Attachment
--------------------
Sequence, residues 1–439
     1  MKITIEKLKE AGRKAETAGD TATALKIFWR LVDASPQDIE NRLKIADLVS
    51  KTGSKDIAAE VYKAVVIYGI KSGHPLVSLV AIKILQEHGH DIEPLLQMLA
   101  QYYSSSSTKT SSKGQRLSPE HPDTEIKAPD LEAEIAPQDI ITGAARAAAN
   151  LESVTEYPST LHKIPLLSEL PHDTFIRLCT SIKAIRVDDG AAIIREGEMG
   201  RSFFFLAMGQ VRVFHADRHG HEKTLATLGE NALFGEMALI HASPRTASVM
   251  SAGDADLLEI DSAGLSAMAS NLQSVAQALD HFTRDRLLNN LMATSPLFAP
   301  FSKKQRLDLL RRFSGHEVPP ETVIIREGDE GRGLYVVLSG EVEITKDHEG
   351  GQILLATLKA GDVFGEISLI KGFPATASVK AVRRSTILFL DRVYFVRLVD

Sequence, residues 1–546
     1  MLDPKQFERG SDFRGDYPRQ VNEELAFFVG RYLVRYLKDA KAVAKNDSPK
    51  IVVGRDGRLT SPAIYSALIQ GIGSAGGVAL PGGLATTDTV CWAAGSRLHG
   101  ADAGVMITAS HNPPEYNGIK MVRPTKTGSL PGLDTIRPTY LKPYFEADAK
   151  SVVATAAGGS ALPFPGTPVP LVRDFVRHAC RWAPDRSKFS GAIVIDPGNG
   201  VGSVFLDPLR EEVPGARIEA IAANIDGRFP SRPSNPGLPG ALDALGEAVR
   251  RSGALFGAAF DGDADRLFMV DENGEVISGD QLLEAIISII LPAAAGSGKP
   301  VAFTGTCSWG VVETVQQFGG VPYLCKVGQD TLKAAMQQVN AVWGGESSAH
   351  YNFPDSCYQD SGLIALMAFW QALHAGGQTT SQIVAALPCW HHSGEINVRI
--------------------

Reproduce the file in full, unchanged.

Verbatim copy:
Sequence, residues 1–439
     1  MKITIEKLKE AGRKAETAGD TATALKIFWR LVDASPQDIE NRLKIADLVS
    51  KTGSKDIAAE VYKAVVIYGI KSGHPLVSLV AIKILQEHGH DIEPLLQMLA
   101  QYYSSSSTKT SSKGQRLSPE HPDTEIKAPD LEAEIAPQDI ITGAARAAAN
   151  LESVTEYPST LHKIPLLSEL PHDTFIRLCT SIKAIRVDDG AAIIREGEMG
   201  RSFFFLAMGQ VRVFHADRHG HEKTLATLGE NALFGEMALI HASPRTASVM
   251  SAGDADLLEI DSAGLSAMAS NLQSVAQALD HFTRDRLLNN LMATSPLFAP
   301  FSKKQRLDLL RRFSGHEVPP ETVIIREGDE GRGLYVVLSG EVEITKDHEG
   351  GQILLATLKA GDVFGEISLI KGFPATASVK AVRRSTILFL DRVYFVRLVD

Sequence, residues 1–546
     1  MLDPKQFERG SDFRGDYPRQ VNEELAFFVG RYLVRYLKDA KAVAKNDSPK
    51  IVVGRDGRLT SPAIYSALIQ GIGSAGGVAL PGGLATTDTV CWAAGSRLHG
   101  ADAGVMITAS HNPPEYNGIK MVRPTKTGSL PGLDTIRPTY LKPYFEADAK
   151  SVVATAAGGS ALPFPGTPVP LVRDFVRHAC RWAPDRSKFS GAIVIDPGNG
   201  VGSVFLDPLR EEVPGARIEA IAANIDGRFP SRPSNPGLPG ALDALGEAVR
   251  RSGALFGAAF DGDADRLFMV DENGEVISGD QLLEAIISII LPAAAGSGKP
   301  VAFTGTCSWG VVETVQQFGG VPYLCKVGQD TLKAAMQQVN AVWGGESSAH
   351  YNFPDSCYQD SGLIALMAFW QALHAGGQTT SQIVAALPCW HHSGEINVRI